Any unused energy from the solar arrays will be put back into the power grid for Pacific Gas & Electric customers, he says, adding that the system will eliminate more than 33,000 tons of carbon emissions.

In addition, the new Exploratorium will have a bay-water system that will take advantage of the bay's natural temperature ranges to cool or heat water. Radiant tubing will carry the water through the facility.

The project's other sustainability features include radiant floors and a system that will allow 16% of the roof water runoff to be reused for toilet flushing. The other 84% will be returned to the bay.

The museum also will have waterless urinals, daylight galleries and low-emitting materials with recycled content and certified wood. It won't use any copper flashing or gutters that might harm shellfish.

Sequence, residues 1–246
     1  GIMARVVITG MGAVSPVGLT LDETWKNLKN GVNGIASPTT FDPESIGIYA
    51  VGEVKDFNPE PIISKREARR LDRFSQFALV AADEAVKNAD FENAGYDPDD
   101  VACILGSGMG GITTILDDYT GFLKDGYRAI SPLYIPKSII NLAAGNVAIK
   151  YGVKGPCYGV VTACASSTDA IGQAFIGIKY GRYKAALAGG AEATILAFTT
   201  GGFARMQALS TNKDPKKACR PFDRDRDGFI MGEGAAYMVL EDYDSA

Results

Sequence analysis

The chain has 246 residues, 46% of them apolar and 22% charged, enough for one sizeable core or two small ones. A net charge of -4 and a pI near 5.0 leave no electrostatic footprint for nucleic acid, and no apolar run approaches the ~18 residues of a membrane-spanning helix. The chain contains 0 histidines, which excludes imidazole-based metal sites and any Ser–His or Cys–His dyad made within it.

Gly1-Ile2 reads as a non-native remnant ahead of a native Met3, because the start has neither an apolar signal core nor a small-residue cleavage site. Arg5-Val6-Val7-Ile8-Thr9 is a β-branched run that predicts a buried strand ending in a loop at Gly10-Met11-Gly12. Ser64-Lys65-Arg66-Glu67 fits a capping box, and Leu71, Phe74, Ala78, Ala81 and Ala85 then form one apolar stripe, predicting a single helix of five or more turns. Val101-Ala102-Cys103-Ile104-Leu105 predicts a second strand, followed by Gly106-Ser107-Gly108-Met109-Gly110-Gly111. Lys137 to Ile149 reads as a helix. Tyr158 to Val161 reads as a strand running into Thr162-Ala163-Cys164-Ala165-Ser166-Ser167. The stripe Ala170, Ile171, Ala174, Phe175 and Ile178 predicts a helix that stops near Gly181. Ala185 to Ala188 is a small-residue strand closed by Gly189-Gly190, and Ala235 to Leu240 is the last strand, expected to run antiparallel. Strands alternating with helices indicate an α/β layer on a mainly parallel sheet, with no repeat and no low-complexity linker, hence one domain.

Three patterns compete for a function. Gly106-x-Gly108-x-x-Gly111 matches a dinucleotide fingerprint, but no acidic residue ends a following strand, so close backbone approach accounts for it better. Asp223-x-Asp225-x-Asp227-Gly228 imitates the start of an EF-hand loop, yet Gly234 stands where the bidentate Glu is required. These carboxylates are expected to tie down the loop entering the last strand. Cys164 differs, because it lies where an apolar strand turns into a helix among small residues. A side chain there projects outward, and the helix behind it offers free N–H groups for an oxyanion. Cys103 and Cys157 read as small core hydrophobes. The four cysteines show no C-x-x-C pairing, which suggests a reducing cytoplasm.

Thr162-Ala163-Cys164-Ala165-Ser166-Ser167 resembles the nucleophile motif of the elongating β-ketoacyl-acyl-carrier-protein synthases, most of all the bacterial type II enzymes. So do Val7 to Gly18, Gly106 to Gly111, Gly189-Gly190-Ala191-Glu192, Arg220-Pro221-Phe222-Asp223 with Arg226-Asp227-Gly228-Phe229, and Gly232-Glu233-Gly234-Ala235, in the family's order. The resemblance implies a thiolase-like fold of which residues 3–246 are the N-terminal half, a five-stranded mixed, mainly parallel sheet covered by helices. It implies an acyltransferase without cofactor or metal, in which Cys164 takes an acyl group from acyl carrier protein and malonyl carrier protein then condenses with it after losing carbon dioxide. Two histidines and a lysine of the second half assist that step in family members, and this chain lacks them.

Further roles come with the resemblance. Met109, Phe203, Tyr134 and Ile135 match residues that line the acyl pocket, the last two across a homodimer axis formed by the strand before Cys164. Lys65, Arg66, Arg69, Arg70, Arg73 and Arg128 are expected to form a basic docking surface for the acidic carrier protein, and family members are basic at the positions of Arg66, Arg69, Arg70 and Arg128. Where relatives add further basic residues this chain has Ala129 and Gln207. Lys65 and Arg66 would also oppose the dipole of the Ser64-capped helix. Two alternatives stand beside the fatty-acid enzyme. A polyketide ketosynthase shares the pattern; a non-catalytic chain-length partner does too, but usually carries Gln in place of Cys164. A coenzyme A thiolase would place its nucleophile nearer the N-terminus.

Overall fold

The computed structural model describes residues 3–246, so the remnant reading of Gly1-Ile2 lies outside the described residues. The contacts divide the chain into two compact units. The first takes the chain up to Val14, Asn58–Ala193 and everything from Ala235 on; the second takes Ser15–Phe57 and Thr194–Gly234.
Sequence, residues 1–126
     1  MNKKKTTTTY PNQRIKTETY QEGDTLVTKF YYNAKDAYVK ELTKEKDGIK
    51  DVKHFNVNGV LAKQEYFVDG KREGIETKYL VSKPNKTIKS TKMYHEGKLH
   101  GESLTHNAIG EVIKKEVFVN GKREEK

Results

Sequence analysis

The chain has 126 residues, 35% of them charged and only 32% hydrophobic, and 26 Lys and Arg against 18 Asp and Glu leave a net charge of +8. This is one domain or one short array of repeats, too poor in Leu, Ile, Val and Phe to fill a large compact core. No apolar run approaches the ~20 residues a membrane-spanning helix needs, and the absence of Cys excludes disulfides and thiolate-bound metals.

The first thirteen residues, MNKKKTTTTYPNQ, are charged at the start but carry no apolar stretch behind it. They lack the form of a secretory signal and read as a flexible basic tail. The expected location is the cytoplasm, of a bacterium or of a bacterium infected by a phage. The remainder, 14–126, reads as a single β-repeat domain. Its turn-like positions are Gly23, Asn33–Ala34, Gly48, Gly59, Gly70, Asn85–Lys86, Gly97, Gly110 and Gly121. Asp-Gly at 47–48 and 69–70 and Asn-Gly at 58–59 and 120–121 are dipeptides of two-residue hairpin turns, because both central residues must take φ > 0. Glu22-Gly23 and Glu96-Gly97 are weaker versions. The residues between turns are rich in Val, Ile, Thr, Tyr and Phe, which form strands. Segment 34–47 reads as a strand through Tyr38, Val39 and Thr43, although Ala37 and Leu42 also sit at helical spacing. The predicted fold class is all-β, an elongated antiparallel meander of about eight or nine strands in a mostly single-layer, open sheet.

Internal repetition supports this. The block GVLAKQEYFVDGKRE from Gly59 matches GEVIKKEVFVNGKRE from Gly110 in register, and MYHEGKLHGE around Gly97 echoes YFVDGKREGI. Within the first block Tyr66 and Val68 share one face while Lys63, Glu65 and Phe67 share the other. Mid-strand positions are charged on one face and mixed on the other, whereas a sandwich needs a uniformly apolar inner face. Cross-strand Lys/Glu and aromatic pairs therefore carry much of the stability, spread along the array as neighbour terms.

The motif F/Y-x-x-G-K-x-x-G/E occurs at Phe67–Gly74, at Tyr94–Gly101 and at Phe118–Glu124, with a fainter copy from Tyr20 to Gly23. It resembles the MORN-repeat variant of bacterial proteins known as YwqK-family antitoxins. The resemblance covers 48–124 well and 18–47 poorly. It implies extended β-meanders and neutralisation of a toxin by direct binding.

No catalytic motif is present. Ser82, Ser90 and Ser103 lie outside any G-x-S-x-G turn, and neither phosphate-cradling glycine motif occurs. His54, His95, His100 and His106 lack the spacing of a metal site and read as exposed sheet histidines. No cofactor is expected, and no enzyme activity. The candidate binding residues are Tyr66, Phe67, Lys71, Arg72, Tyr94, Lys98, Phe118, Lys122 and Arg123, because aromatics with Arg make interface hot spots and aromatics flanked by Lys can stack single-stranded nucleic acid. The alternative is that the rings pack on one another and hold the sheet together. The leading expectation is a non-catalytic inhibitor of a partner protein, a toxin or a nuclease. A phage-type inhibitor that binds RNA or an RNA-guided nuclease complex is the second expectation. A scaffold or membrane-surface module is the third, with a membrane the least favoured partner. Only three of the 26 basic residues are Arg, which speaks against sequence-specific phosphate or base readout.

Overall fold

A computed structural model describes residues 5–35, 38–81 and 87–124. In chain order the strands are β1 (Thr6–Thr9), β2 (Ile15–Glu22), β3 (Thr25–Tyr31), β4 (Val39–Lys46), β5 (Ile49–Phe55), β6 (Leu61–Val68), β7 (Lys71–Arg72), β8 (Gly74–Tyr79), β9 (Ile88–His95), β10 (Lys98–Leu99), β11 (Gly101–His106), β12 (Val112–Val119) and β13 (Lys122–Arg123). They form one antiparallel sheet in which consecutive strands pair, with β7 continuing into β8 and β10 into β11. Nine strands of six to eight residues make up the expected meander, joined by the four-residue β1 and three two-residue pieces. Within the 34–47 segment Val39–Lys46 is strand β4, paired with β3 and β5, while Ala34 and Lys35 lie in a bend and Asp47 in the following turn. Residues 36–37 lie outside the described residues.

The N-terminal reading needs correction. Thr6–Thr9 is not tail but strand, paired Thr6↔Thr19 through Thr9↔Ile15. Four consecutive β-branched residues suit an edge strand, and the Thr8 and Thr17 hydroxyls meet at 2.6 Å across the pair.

The renovation and seismic retrofit of the aged and worn pier foundation proved to be a significant challenge, says Patrick Ryan, a principal with Rutherford + Chekene, San Francisco, the project's structural engineer. For one thing, Ryan notes, a bayside site, with its waves and salt water, is "a fairly severe environment for structures."

He says the seismic retrofit involved the substructure and the transit shed on top of it. Ryan adds, "Seismic retrofit measures included the addition of steel pipe piles to the substructure as well as steel-braced frames, and plywood roof diaphragms to the transit sheds. We also introduced a seismic joint between the main body of the pier and the wharf that runs along the seawall."

Olla of Nibbi Brothers says that substantial work also went into repairing and replacing the piers' existing wood, steel and concrete piles, some of which were so weakened by the elements that "you could put your hand right through them."

"A tremendous amount of work occurred below deck to seismically upgrade the structure—the concrete had all but dissolved away," he says. "The piles had to be chipped of all loose matter and then rebuilt."

To distribute the load for the massive 50-ft-long pile caps, new 72-in.-dia steel piles were "vibrated through the bay mud into solid bedrock," Olla says.

The Exploratorium was founded in 1969 by physicist Frank Oppenheimer, brother of J. Robert Oppenheimer, the "father of the atomic bomb."